The journey this blog started eventually brought me back to India—after almost two decades abroad—last year. My colleagues and I decided to work out of a physical base in Bangalore even as we continue to operate as a networked organisation—with fellows, members and scholars in several countries around the world. The Bangalore office now houses some dangerously smart people and attracts a wide variety of seriously talented people (and last week one intrepid mouse, who was eventually non-violently repatriated).

I know that my wife has been reading this blog from the very first day, so it’s important that I acknowledge her patience and superior wisdom. It still scares me to know that my mother reads it too. In a few years, the kids are likely to do so. The internet never forgets, so I am mildly worried about the prospect of them debating my old blog posts with me.

While I can’t say I have robust empirical evidence, I do think that the frequency and quality of posts are linked to the quantity of caffeine in the bloodstream of this blogger. The quality of beans matters too, I think, although some of the best posts have been written after consuming the humble three-in-ones from the office pantry.

To longtime readers, thank you for sticking on (I suspect you have enjoyed the ride so far). To all readers, thank you and I hope the reading has been worth your while. Don’t believe anything that’s written on this blog (or elsewhere)—think about it before making up your mind.

One of my discoveries as a father was that babies never stop to celebrate their achievements: they just go on to the next one. That’s a good rule to follow—I just made a little exception today.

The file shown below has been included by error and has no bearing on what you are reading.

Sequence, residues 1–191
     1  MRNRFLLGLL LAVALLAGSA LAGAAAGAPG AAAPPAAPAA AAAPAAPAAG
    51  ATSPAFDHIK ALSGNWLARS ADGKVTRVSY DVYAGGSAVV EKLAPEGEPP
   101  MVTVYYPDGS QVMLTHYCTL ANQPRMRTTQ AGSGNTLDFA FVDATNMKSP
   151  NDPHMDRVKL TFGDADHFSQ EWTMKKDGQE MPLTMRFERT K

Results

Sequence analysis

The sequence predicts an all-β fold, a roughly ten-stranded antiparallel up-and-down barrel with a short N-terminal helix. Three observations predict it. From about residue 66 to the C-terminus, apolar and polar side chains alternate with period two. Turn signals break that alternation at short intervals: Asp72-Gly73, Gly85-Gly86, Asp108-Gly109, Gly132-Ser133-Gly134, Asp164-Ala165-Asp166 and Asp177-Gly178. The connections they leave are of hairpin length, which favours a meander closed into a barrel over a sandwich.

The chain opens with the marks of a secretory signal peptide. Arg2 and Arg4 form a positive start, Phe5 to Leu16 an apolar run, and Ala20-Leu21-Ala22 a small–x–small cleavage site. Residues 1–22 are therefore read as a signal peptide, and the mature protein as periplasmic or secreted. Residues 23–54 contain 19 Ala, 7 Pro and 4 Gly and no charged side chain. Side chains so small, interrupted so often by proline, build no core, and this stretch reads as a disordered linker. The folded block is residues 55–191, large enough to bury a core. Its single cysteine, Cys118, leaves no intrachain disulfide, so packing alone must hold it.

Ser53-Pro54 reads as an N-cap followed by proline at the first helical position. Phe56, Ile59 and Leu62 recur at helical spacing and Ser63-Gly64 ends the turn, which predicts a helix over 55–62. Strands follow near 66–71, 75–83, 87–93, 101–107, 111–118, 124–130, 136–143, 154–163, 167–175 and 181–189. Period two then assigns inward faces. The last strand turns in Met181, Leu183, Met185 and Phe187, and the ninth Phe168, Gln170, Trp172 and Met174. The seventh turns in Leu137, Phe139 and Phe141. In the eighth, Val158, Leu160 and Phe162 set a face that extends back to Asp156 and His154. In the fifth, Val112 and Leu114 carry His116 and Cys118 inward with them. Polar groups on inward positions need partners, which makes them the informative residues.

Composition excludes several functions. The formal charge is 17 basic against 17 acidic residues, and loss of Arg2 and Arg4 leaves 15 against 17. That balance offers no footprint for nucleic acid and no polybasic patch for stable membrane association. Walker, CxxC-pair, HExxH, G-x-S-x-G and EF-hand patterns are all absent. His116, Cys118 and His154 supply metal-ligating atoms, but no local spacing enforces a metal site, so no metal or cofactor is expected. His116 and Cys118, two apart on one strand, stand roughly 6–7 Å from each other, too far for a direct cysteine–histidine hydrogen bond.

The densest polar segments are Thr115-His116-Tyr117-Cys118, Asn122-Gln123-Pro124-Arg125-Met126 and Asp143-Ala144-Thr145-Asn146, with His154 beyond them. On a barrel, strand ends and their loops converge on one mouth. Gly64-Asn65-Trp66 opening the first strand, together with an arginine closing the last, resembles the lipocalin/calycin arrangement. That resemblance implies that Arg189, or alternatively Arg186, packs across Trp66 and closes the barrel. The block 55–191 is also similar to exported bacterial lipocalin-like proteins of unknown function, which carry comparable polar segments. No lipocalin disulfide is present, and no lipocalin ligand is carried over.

The Chinese submarine base everyone knew about

Well, almost everyone

That a British newspaper should get its readers all excited about China’s ‘secret’ submarine in Sanya, Hainan is explicable, for this is the time when the Western world is purposefully discovering the Orwellian nature of the term “peaceful rise”.

Reports, satellite images, and analyses of China’s commissioning of Class 094 nuclear missile submarines (SSBNs) have been around in the blogosphere—also logged on this blog—for a few years now. [See Arms Control Wonk’s coverage, dating back to August 2004] The only thing new—but entirely predictable—is that China’s base in Sanya is probably already operational.

You would expect the intelligence communities in key capitals around the world—including India’s own—to know this. So, if media reports do not exaggerate, it should come as a surprise that the Indian cabinet needs to convene a special meeting to discuss the Sanya naval base, as if it were a fresh new revelation.

During a recent interview with Pragati, K Subrahmanyam pointed out that the political leadership only gets interested in intelligence briefings after the fact. From what we can tell, that’s perhaps the case with this one too.